Hidden Hong Kong
When I first moved to Hong Kong, I was one of sixteen US university graduates sent to teach English at a tertiary institution. One night a friend and I, both from the American Midwest, a place known for corn fields, wide-open sunsets, and running barefoot, took a walk around our campus in the New Territories. We paused halfway through and peered down into a small village in the middle of low trees and brush. Behind us the dark mountains separating the New Territories from Mainland China were dimly lit by the light pollution from the rest of Hong Kong. A sharp dog bark echoed in the saturated air; a bonfire burned in front of a hut, adding to the all-enveloping humidity.
“It’s funny,” my friend said to me, gesturing to the wooded area below. “When I left for Hong Kong, my dad said, ‘Guess you’re going to miss a lot of things…like trees.”
It is a common misconception that Hong Kong is solely a mélange of flying skyscrapers, concrete slabs through which men in suits dart back and forth in their financial pursuits. In particular, since I have come to LSE, I realized the place it occupies in most people’s minds is the financial center of Asia, another place to work alongside London and New York. I do not blame them; the Hong Kong government is proud to tout it as “Asia’s World City” and the breathtaking night skyline from Victoria Harbour is a testament to cosmopolitanism that deserves to be admired in books, movies and on the Internet.
But the thing is, that is not all. After living there for three years, I realize my favorite thing about Hong Kong is its ability to be anything to anyone: remote beach town, nightlife hotspot, culinary destination, hiking paradise.
Most people do not realize Hong Kong is actually made up of four regions. The New Territories, the most northerly region, borders Mainland China; then going south there is Kowloon, home of the famous Victoria Harbour with eye-popping views from the Star Ferry and then Hong Kong Island, land of the Peak and, yes, skyscrapers, including the famous IFC 2 which Batman jumped from in the Dark Knight; finally the most southerly region are the Outlying Islands, where no cars are allowed, which are to the south and west of Hong Kong Island. With the efficient Hong Kong transit system, you are never more than an hour away from visiting any of these areas.
If you are ever in Hong Kong, I definitely suggest a visit to any of the Outlying Islands, which you can reach in as little as 35 minutes by ferry from Hong Kong Island. One of my favorites is Cheung Chau, a small island where a long line of al fresco eateries meets you right by the pier. These food courts, called dai pai dong, can either be outside or inside but on a beautiful day, you definitely want to partake in seaside dining. The surroundings are humble – plastic sheets over large round tables seating eight or so, plastic patio chairs and plastic orange bowls – but the food is sumptuous. Enjoy plates of steaming fresh oysters on a bed of green onions, tiger prawns and toasted garlic, served, of course, with a big bottle of Tsingtao beer with your closest friends as the locals happily chatter in Cantonese around you.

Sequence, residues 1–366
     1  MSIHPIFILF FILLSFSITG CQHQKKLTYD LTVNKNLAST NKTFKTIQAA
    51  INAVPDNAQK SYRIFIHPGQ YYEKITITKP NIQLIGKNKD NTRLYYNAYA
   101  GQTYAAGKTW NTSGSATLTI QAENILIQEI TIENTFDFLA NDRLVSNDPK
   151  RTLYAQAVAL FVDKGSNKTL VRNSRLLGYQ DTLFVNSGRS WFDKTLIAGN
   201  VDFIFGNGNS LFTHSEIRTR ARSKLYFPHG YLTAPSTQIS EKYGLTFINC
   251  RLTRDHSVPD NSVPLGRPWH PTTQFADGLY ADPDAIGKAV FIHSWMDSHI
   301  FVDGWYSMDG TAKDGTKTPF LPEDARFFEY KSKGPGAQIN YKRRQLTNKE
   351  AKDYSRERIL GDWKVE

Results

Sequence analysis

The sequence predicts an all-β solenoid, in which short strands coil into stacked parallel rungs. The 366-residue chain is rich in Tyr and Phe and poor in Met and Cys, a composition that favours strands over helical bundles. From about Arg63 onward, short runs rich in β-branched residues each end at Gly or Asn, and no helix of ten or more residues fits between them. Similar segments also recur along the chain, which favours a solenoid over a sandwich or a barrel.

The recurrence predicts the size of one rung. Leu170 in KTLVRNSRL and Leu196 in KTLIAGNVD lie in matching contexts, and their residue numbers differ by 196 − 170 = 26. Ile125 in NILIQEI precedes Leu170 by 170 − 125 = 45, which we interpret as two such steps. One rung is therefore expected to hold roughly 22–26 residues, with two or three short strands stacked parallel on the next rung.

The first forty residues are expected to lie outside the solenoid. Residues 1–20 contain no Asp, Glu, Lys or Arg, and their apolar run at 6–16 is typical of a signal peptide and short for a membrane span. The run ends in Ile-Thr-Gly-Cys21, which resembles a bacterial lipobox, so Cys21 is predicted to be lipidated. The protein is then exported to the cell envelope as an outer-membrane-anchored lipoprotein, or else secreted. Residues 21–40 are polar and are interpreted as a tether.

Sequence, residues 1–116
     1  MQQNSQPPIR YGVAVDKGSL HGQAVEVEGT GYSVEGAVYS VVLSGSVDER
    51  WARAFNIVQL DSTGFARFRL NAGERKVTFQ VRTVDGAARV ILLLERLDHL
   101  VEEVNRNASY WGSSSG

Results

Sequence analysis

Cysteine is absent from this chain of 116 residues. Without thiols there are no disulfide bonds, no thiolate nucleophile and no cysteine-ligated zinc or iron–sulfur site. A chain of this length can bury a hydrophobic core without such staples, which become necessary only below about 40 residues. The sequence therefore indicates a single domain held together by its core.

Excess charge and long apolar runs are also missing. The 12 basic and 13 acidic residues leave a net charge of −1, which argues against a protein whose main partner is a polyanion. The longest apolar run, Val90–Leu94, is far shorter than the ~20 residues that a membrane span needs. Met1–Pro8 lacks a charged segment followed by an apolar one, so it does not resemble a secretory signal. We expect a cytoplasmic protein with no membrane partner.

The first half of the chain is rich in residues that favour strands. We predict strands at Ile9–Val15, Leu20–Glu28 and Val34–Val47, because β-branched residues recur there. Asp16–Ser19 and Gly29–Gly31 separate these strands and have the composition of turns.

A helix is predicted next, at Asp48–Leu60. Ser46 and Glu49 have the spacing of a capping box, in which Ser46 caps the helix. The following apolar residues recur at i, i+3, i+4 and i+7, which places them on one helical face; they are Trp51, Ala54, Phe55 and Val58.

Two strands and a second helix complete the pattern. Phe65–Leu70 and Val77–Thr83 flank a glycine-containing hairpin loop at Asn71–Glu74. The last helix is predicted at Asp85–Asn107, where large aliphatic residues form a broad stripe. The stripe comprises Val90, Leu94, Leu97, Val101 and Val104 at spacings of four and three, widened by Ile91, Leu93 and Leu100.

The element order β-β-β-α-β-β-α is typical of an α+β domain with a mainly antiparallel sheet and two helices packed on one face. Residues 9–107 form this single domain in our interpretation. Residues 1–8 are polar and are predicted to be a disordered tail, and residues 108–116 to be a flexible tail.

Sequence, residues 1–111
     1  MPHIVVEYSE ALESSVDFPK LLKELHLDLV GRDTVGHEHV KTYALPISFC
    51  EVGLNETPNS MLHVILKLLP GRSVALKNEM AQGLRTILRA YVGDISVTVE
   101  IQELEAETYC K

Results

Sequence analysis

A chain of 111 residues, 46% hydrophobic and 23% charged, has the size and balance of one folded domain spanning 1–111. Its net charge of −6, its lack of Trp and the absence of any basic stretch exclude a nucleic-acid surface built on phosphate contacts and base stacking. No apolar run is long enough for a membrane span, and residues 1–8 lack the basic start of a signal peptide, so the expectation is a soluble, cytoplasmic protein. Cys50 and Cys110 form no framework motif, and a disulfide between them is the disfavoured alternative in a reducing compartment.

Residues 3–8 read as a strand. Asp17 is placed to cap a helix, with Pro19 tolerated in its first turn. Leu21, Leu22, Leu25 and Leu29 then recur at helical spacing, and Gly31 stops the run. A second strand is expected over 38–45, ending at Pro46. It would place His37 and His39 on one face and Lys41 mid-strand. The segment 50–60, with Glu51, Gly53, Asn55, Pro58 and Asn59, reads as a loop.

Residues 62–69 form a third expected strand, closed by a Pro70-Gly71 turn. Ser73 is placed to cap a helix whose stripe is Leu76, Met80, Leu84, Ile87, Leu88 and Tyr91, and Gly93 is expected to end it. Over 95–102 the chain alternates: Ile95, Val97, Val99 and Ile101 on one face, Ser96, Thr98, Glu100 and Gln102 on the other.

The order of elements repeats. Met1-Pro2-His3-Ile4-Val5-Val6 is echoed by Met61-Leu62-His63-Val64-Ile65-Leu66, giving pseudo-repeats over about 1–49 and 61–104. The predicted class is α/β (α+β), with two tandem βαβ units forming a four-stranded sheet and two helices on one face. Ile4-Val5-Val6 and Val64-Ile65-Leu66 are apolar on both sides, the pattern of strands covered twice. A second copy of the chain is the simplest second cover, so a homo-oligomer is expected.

Afterwards, stroll around the quaint island which boasts two beaches. Cheung Chau is especially popular for the week-long Bun Festival in the spring, which commemorates the god Pak Tai ridding the island of plague during the late Qing dynasty. There are lion dances and parades and it culminates in a scramble to the top of a conical tower of Chinese steamed buns. This combination of nature, delicious cuisine, and culture is hard to beat.
After gorging on great food, you can walk it off on any of the breathtaking hikes in Hong Kong. One easily accessible and stunning trail is Dragon’s Back on Hong Kong Island. Start at the legendary Peak Tram and cross the ridges into Shek O Country Park. Suddenly you are overlooking the south side of the island with open views of Big Wave Bay, sheltered by verdant hills and fringed by a long strip of white sand. Similar vistas surround you at the trail’s end when you finish in fishing village Shek O, home to one of my favorite beaches.
If Shek O is too crowded for you, head north to the New Territories to find one of the most remote beaches in Hong Kong. Begin at the bottom of the MacLehose Trail, a 100-kilometer long trail through the region. You can either hike the 13 kilometers to Long Ke Wan, the deserted beach, or cheat and take a cab for ten of those kilometers. At the end of the road, hike some stairs over a mountain dotted with low bushes that shake in the wind as the sun beams down. As you turn a corner near the top, below you a sliver of white sand appears, enclosed by heavily wooded hills. The water can only be described as azure, and on a weekday there is most likely not a single soul on the beach. It is a welcome respite in a city with a population density of 6,300 people per square kilometer.
So, whether you’re an urban jet-setter or nature enthusiast, I guarantee Hong Kong has something to entertain you. And as I look back at my time in the city, I realize, yes, I had many fun nights going out in Lan Kwai Fong, blowing my budget in one of its multi-story, city-block-swallowing megamalls and dining at the endless buffets atop towering hotels. But three years later, what stands out in my mind are the cultural and natural surprises – the hidden back streets and winding trails that took me to another side of Hong Kong. Now, when I think back to that walk my friend and I took three years ago, I remember what I said to him as we looked down at the wooded village: “Yeah, “ I replied with a wry chuckle. “I miss trees too.”